Enter a new phenomenon – the growth of medical credit cards designed for consumers to help them pay their medical bills. With such enticements as a discount on their medical bills, they have proven attractive for those not covered by health insurance or for those who have lost their jobs or faced with declining employer benefits in healthcare.
But really, the consumer has to be on top of the game; otherwise these credit cards can really hurt your financial health by crippling you with the payment of the hospital bills at the end of the month plus the potentially high finance charges, should you defer paying completely. These medical cards are designed to cover only health-related spending, but for all intents and purposes, behave like ordinary credit cards. That means enormously high interest rates on balances, late payment charges and other fees that you would find in any credit card.
Already, in New York, some of these cards have come under fire. Some of the reasons:
-claiming to charge no interest when in reality carrying interest rates as high as 25%.
-retrograde charges if the balance was not paid in full.
-‘kickbacks’ received by hospitals or doctors for every card issued to patients.
-abuse by clinics and hospitals, like charging on these cards for non-existent services.
Consumers need to be informed on what getting a medical credit card entails. Here are some useful tips:
- A medical card is essentially a credit card and behaves like one.
- Its important to understand the terms and conditions, often buried in small print. Look for the pitfall of a low introductory interest rate which can skyrocket upon a single late payment. Some card issuers have been known to shorten payment cycles without warning, causing the card-holder to be caught unawares.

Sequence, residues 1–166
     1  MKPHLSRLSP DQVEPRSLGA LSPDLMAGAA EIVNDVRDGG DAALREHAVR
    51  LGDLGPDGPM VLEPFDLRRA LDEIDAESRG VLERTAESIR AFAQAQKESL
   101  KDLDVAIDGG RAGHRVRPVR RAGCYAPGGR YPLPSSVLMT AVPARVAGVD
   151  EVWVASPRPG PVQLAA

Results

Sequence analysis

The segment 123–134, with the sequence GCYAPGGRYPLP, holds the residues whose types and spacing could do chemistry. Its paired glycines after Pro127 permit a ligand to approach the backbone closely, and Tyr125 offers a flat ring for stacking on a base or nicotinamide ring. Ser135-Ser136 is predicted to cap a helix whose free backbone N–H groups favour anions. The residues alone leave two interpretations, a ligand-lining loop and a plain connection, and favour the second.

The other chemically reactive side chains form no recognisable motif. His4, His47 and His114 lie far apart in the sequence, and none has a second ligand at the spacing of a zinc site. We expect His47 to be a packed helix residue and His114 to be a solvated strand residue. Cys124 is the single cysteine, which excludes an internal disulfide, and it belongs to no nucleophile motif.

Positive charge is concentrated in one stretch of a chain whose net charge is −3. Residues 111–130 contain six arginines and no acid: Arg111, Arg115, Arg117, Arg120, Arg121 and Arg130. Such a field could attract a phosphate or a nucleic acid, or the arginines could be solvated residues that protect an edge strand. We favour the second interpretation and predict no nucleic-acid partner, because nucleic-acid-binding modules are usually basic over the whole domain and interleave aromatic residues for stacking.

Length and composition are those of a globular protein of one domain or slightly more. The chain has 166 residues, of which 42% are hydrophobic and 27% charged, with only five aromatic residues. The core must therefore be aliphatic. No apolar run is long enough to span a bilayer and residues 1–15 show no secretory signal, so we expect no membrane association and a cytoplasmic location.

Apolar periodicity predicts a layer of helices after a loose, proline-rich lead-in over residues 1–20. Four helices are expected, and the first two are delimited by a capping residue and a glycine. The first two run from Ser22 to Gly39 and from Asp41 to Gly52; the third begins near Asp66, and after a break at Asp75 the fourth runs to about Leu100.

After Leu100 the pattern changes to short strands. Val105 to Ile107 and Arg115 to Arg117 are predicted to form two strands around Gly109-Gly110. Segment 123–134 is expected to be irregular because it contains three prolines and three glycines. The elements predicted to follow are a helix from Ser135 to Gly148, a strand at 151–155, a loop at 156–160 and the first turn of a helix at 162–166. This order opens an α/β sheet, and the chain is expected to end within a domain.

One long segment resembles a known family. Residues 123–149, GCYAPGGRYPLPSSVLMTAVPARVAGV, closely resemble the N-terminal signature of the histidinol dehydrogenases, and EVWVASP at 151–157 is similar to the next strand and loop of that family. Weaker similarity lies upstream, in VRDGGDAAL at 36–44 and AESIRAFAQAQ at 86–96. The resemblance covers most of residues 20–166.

- Do not pay for services in advance by allowing the provider to swipe your card before receiving the service. Often, its a big hill to climb to get the charges reversed should the service be annulled for whatever reason.
- Avoid signing up when under duress. Notice how medical card companies set up counters in hospitals aiming to prey on those suddenly in need of emergency medical services for which they would normally not be able to afford.
- Sometimes, despite the hassle of filling innumerable claim forms to claim health insurance, they are usually more cost-effective than simply swiping a medical card. Better still, pay cash if you can and ask for a discount or deferred payment plan from the hospital or clinic.